In the third episode “The Lord of the Rings: The Rings of Power” one thing quickly becomes clear: there is bad blood between the Elves and the Men of Númenor. However, it is unclear how it came about and what role Númenor’s queen regent Míriel (Cynthia Addai-Robinson) plays in it. Does she side with the Elves or the Númenoreans? For that we have to do something…
While Míriel doesn’t mention a specific name, she does say in The Rings of Power Episode 3 that Elves have not been allowed in Númenor since the time of her grandfather’s great-grandfather – and this is actually the same as in Tolkien’s books, albeit the timings in The Rings of Power have been tightened significantly compared to the original.
Responsible for the break between Elves and Númenoreans is the 20th king of the island kingdom: Ar-Adûnakhôr – the same great-grandfather of Míriel’s grandfather mentioned in the series. He was the first king to give himself a name that was not in the Elvish Quenya language, and he severed ties with the Elves for good.
The reason for this is the increasing envy of the Númenoreans of the immortality of the Elves and the growing dissatisfactionnot being allowed to travel west to the paradisiacal Valinor – a topic that will be of crucial importance in the coming episodes and seasons of “The Rings of Power”.
Míriel herself is therefore the 25th ruler of Númenor, which is actually a difference to the books. Here Míriel is not an independent queen or regent, but as the rightful heir to the throne is married against her will by her cousin Pharazôn, who seizes power. We also met Pharazôn (Trystan Gravelle) in Episode 3.
The differences between the book and the series are probably related to Míriel’s father, who was not yet seen in “The Rings of Power”, but is visited by Míriel at the end. Míriel’s father is named Tar-Palantir – an Elvish name, for he tried to mend the relationship between the Númenoreans and the Elves and the Valar (the gods of Tolkien’s world), but in vain. You can find out more about this in the video by DashFUN YouTube moderator Sebastian at minute 8:50 linked above.
We learn in Episode 3 of “The Rings of Power” that Tar-Palantir abdicated or was forced into exile (in the home tower) because of his openness to the elves. Presumably, therefore, his daughter Míriel became the queen-regent – mind you, but not the queen. And Pharazôn may have played an important role in this.
That leaves the most intriguing question for the remaining episodes of The Rings of Power: Whose side is Miriel really on? The series implies very strongly that Míriel, like almost all humans in Númenor, harbors a grudge against the Elves, after all, she doesn’t greet Galadriel warmly. And at the end of the episode, Míriel tells her father that with the arrival of the elves, the moment they fear has come.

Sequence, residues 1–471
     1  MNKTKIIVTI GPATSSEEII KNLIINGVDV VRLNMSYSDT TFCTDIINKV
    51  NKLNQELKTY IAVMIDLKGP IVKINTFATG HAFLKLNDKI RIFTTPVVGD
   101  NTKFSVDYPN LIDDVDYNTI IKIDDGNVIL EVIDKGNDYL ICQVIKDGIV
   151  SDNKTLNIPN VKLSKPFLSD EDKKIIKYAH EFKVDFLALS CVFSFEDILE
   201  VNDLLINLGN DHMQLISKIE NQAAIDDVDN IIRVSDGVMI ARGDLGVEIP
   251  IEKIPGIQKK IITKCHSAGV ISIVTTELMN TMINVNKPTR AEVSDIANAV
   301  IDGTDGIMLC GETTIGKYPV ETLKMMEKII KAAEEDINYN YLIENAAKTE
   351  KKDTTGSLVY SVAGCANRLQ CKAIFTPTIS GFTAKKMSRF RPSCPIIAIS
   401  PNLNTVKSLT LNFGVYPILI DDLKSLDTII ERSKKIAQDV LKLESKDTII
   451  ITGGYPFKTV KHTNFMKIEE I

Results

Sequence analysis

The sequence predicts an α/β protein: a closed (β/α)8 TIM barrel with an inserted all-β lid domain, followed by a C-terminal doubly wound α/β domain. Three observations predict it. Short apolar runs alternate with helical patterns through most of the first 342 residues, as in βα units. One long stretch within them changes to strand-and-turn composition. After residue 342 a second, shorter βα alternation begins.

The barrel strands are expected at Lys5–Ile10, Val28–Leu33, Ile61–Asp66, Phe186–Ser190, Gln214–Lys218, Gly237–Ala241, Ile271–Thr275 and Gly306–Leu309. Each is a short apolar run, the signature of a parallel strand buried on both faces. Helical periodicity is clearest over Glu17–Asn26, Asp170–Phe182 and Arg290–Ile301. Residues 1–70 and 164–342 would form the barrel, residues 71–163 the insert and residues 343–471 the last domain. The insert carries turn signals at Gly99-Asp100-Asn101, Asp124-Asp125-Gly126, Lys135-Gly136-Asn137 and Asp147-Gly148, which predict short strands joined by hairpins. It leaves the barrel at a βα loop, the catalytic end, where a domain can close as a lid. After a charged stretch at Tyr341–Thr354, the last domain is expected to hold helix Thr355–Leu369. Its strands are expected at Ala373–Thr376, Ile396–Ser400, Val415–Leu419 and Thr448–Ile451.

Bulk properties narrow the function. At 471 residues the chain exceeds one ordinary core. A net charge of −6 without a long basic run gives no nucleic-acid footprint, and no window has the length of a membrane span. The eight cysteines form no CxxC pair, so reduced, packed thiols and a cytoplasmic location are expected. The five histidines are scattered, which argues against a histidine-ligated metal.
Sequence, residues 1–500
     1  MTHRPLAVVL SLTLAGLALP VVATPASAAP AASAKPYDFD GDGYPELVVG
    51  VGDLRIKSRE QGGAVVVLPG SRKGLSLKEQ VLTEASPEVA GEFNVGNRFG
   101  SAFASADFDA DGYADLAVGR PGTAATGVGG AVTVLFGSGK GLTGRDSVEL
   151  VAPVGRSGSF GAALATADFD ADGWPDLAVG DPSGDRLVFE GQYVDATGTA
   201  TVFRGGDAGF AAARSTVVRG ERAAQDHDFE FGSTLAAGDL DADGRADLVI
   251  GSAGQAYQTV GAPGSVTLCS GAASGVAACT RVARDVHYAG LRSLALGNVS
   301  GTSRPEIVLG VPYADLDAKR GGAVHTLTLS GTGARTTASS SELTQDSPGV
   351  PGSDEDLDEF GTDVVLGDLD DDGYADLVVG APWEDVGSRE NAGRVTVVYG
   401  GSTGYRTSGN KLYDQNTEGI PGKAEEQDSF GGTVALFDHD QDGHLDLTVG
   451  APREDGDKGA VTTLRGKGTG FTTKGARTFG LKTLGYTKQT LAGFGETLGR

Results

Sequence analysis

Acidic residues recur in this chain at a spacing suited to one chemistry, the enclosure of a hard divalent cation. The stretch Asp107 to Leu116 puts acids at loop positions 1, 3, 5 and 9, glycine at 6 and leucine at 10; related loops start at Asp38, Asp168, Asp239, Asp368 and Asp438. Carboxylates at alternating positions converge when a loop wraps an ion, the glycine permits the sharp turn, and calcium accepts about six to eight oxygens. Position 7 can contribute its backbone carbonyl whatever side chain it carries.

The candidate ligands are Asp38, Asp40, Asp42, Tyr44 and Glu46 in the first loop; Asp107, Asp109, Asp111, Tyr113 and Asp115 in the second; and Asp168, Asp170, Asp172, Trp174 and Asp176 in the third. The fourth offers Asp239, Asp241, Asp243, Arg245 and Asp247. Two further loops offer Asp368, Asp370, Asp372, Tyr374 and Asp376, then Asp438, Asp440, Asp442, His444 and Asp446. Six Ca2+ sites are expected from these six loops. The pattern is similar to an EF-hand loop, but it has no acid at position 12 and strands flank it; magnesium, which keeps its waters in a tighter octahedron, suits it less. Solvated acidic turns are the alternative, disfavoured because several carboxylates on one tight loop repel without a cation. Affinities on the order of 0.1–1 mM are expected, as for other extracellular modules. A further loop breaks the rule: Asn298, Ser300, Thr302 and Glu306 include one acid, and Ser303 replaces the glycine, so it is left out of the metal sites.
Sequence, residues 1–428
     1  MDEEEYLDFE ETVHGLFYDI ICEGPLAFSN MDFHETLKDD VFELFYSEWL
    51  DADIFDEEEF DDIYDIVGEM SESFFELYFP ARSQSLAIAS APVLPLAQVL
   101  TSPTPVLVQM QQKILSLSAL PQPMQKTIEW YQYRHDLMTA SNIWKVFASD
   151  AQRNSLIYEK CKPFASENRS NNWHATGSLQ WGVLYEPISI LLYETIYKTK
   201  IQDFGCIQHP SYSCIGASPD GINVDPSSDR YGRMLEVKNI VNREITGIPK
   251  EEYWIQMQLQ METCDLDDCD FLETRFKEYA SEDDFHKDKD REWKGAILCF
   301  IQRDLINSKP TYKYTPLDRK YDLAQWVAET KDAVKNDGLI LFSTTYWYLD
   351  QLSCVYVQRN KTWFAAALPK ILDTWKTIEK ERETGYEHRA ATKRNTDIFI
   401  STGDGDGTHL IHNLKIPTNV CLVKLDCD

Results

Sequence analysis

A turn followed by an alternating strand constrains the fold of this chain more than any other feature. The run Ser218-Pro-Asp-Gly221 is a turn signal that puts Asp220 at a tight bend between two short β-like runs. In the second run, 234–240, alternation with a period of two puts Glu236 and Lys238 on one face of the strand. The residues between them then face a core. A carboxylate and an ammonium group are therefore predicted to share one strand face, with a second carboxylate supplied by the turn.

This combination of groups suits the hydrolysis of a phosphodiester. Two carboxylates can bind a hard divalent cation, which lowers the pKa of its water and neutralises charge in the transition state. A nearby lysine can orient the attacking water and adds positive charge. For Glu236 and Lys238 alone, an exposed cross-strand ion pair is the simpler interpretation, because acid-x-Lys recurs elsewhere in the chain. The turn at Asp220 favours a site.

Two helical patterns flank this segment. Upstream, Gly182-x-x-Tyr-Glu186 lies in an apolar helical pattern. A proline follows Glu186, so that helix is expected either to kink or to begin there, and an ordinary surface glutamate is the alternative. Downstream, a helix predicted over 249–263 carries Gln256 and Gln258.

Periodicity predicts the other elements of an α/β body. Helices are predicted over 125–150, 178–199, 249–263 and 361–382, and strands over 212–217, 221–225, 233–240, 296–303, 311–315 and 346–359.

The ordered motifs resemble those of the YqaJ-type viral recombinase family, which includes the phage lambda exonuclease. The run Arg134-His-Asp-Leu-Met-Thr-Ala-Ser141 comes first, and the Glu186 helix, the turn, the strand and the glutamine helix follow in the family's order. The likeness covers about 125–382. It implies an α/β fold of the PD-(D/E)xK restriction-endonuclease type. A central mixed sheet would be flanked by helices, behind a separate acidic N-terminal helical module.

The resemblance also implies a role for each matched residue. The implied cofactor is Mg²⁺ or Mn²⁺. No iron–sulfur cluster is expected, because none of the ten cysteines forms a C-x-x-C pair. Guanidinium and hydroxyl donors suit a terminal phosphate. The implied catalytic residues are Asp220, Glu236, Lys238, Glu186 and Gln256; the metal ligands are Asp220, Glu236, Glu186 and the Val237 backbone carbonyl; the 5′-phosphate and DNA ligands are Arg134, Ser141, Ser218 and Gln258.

However, it’s hard for us to imagine that the series executives rewrote the character Míriel so much. Much more Míriel’s dismissive behavior should only be a facade, as her Elvish name suggests – similar to her father’s (which means “jewel daughter”). So not only Míriel’s father might be on the side of the elves, but probably also Míriel herself, only that she just has to hide this.
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The arrival of Galadriel shakes the difficult political relationship on Númenor and will likely force the egent and former king into action. The two may have secretly made plans for the so-called faithful.
The Faithful are the few Númenoreans who still stand by the Elves and the Valar, including Elendil (Lloyd Owen). The term is actually used in the series (namely in the scene in which Elendil is given the sword by Míriel), but only in the original English version. In the German synchro, however, this possibly important moment is neglected.
We will most likely find out more about Míriel, Tar-Palantir and the political intrigues on Númenor (“House Of The Dragons” sends regards) in episode 4 of “The Lord of the Rings: The Rings of Power”, which will be released on September 16, 2022 appears on Amazon Prime Video.
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